[Battlemesh] Action: fixing *WRT and the FCC
quercus.aeternam at gmail.com
Thu Feb 18 20:34:30 UTC 2016
I'd like to propose a plan of action.
How can it be improved? Dave, is it realistic?
1. Develop TDWR interference mitigation (<2 hours initial dev time)
2. Work with FCC saying "we have developed a fix for current devices"
3. Apply TDWR fix to *WRT mainline
4. Work with FAA/FCC to expand hardware coverage of fix (aka encourage
Here are a few reasons the FCC may care:
- Currently interfering devices can be fixed
- *Future* issues may be fixed via cooperation with the FCC
- FCC is seen as progressive, responsive to public needs
- Better for FCC, manufacturers, developers and consumers in security,
costs and features
* *WRT promises that their source and builds will have TDWR interference
mitigation enabled by default
* *WRT promises to vet manufacturer forks of *WRT, verifying that the TDWR
mitigation is not disabled
* FCC will work with *WRT in improving TDWR interference mitigation for all
* FCC simplifies certification if the device is running *WRT
Currently, the only interference mitigation is DFS. The FAA/FCC have
problems with highly placed, outdoor devices near airports, but these
devices may not have (working) DFS.
I suggest that *WRT implement a software solution that supplements DFS.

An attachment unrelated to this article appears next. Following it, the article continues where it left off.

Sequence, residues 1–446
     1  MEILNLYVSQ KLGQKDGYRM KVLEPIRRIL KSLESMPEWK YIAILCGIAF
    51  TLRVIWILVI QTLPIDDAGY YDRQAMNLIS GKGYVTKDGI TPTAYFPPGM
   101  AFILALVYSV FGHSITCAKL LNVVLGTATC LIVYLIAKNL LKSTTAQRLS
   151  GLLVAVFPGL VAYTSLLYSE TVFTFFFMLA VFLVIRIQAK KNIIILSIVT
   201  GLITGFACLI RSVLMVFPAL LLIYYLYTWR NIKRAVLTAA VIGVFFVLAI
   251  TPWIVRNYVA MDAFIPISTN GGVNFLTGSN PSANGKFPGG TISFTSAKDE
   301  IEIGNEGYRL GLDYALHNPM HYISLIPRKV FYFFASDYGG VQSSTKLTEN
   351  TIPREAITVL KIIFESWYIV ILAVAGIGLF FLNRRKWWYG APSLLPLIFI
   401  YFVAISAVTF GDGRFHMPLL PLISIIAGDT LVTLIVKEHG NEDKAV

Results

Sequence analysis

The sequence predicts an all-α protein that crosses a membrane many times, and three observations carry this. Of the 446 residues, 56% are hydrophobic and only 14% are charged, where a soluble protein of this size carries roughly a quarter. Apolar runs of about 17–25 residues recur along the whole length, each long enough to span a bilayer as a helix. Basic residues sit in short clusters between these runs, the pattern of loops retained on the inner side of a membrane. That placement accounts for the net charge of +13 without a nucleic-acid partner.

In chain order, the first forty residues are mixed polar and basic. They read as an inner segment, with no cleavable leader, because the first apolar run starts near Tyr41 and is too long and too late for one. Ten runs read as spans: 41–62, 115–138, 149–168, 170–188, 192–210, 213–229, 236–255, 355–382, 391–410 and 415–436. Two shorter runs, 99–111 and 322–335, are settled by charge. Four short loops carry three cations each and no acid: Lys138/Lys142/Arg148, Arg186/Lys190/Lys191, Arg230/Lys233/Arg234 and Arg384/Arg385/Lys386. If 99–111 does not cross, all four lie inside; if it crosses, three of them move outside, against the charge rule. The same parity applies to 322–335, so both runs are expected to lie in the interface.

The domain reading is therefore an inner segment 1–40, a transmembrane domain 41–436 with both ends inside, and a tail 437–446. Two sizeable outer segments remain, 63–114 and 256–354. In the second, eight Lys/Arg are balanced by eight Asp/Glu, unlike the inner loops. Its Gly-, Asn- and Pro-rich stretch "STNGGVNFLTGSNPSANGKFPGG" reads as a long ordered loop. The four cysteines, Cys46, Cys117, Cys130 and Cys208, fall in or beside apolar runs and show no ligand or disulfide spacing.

How might the conditions be detected and mitigated?
- Default to TDWR interference mitigation (aka avoid specific channels)
unless the following are *not* an issue
- Record the temperature of the device and compare it to expected weather
- Geolocation vs. database of the 45 airport locations
- WiFi-based location check (a la google) vs. database
- During setup, ask users if installation is outdoors
- Bypass heuristic if DFS is known to work with device (via FCC testing)
- Some combination of the above
It's important for a user to understand - none of this means your device
will have poor performance.
Crucially, rev1 (just disable specific channels) is dead simple and an
immediate improvement for the FAA/FCC.
To the FCC: "We have a software solution that works for all linux-based
devices. We would like to help solve this problem for all existing devices,
not just new devices." and go from there.
Manufacturers may opt to *add* our fix to their code, or may choose to open
the source and allow *WRT* to add compatibility with their device.
On Thu, Feb 18, 2016 at 1:54 PM, Michael Richardson <mcr at sandelman.ca>
> Simon Kelley <simon at thekelleys.org.uk> wrote:
> > I've just ordered one of these to replace a TP-link MR3020
> > http://www.gl-inet.com/ar150/
> > they come with manufacturer support for OpenWRT, though this one is
> > a new model which doesn't yet have stable-build support. The
> > previous version is still available and does.
> It's a nice stop-gap.
> What kind of radio does it have, I assume broadcom?
> I don't see how it will help with the FTTN/FTTH situation though.
> ] Never tell me the odds! | ipv6 mesh
> networks [
> ] Michael Richardson, Sandelman Software Works | network
> architect [
> ] mcr at sandelman.ca http://www.sandelman.ca/ | ruby on
> rails [
> bufferbloat-fcc-discuss mailing list
> bufferbloat-fcc-discuss at lists.redbarn.org
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